Fee-Setting Reauthorization Bill Introduced In Senate

Just a billSenator Coons has long been interested in strengthening patents.  While some of his efforts, like the STRONGER Patents Act, would actually harm the U.S.’s innovation economy by strengthening patents at the expense of innovation, his latest bill is different.

Last week, Senator Coons (along with Senator Hatch) introduced the Building Innovation Growth through Data for Intellectual Property Act, or “BIG Data for IP Act.”  The bill has two main features—extending the Patent Office’s fee-setting authority, and requiring the Office to produce a report on its IT infrastructure, a plan for modernizing that infrastructure, and a report on the use of advanced data science techniques to improve the examination process.

Fee-Setting Authority Matters

Prior to the America Invents Act, the Patent Office didn’t actually set its own fees.  Instead, Congress set them. This meant that, even though the Patent Office is supposed to fund its operations through the fees it collects, they couldn’t change those fees to reflect changing costs or to fund needed infrastructure—they had to wait for Congress to do it for them.  That’s not an ideal situation.

But it’s actually worse than that.  The Patent Office now collects enough, overall, to fund its own operations—but the fees for a given action don’t necessarily reflect the cost of that action.  In particular, the fee for examining a patent is actually significantly lower than the cost of examination, with the shortfall made up for by issuance and renewal fees (which are significantly more expensive than the cost of issue or renewal.)

Lack Of Authority Leads To Bad Patents

This creates a perverse incentive.  It turns out, when the Patent Office runs into budget constraints, it becomes more likely to grant patents, leading to an increase in patent grants that never should have been granted.  That’s the only way the Office can fund its own operations.

Without the ability to set its own fees, the Office is even more likely to run into this situation.  And the fee-setting authority granted by the America Invents Act expires this year. Sen. Coons’ bill would provide a ten-year reauthorization of fee-setting authority, allowing the Patent Office to avoid situations which would tend to cause it to grant invalid patents.

While a long-term solution should include changing the fee structure to remove issuance fees and have examination fees that actually cover the cost of examination, renewing fee-setting authority is a key step in the process.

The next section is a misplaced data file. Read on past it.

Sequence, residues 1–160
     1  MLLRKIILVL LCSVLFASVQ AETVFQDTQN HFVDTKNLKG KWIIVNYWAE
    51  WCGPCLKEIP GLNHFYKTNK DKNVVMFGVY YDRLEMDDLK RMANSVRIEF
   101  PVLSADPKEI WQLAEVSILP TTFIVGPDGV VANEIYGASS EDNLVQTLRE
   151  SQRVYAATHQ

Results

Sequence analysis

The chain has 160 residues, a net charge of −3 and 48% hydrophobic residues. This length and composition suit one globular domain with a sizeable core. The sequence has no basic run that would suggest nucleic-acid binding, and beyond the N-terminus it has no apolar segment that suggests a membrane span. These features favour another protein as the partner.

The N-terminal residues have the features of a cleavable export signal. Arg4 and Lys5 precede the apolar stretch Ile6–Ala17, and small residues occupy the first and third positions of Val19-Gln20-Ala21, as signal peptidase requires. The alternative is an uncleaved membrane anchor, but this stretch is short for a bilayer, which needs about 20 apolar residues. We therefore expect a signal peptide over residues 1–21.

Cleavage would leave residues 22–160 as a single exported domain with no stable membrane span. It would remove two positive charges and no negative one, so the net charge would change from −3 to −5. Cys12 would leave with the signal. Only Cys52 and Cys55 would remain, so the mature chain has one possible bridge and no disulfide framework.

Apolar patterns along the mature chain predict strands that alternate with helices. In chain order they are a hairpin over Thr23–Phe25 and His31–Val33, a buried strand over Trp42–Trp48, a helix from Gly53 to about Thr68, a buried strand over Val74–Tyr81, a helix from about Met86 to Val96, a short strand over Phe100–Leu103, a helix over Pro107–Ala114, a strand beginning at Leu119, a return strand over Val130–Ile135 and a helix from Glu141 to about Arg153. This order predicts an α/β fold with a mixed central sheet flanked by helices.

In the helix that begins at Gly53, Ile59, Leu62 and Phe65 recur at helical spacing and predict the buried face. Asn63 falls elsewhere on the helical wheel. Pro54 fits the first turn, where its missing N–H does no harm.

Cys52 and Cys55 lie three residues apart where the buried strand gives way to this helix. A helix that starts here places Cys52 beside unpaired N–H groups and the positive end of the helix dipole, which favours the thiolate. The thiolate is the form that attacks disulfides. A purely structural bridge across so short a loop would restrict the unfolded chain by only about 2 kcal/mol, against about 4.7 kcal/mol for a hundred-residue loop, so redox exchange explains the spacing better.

Big Data For High-Quality Patents

The second section of the bill, requesting reports from the Patent Office on IT infrastructure and the use of data science, is less critical, but still useful.  The IT infrastructure at the Patent Office is old. In 2015, a power surge knocked out the computers used for patent application filing.  They were down for a week because replacement parts were not readily available.  The Patent Office needs to modernize its infrastructure and a report on plans to do so would be useful.  (Of course, without the ability to set and collect the necessary amount of fees, the plan can’t be implemented.)

The final portion of the bill, reporting on the use of data science like machine learning and big data to improve the patent examination process, is also useful.  Using big data tools like Google BigQuery, Patent Progress has been able to show that the Alice decision affects a very small proportion of patent applications and that so-called “IPR off-ramp” procedures are already available, if patentees want to use them.

If a patent lawyer can produce this kind of insight in a limited timespan using these kinds of tools, a trained data scientist with support from the Patent Office should be able to provide real insights into improving patent examination.  And improved patent examination, in turn, leads to fewer low-quality patents issuing, fewer inter partes reviews to challenge low-quality patents after issue, and less abusive patent litigation.

 

Joshua Landau

Joshua Landau is the Patent Counsel at the Computer & Communications Industry Association (CCIA), where he represents and advises the association regarding patent issues.  Mr. Landau joined CCIA from WilmerHale in 2017, where he represented clients in patent litigation, counseling, and prosecution, including trials in both district courts and before the PTAB.

Prior to his time at WilmerHale, Mr. Landau was a Legal Fellow on Senator Al Franken’s Judiciary staff, focusing on privacy and technology issues.  Mr. Landau received his J.D. from Georgetown University Law Center and his B.S.E.E. from the University of Michigan.  Before law school, he spent several years as an automotive engineer, during which time he co-invented technology leading to U.S. Patent No. 6,934,140.

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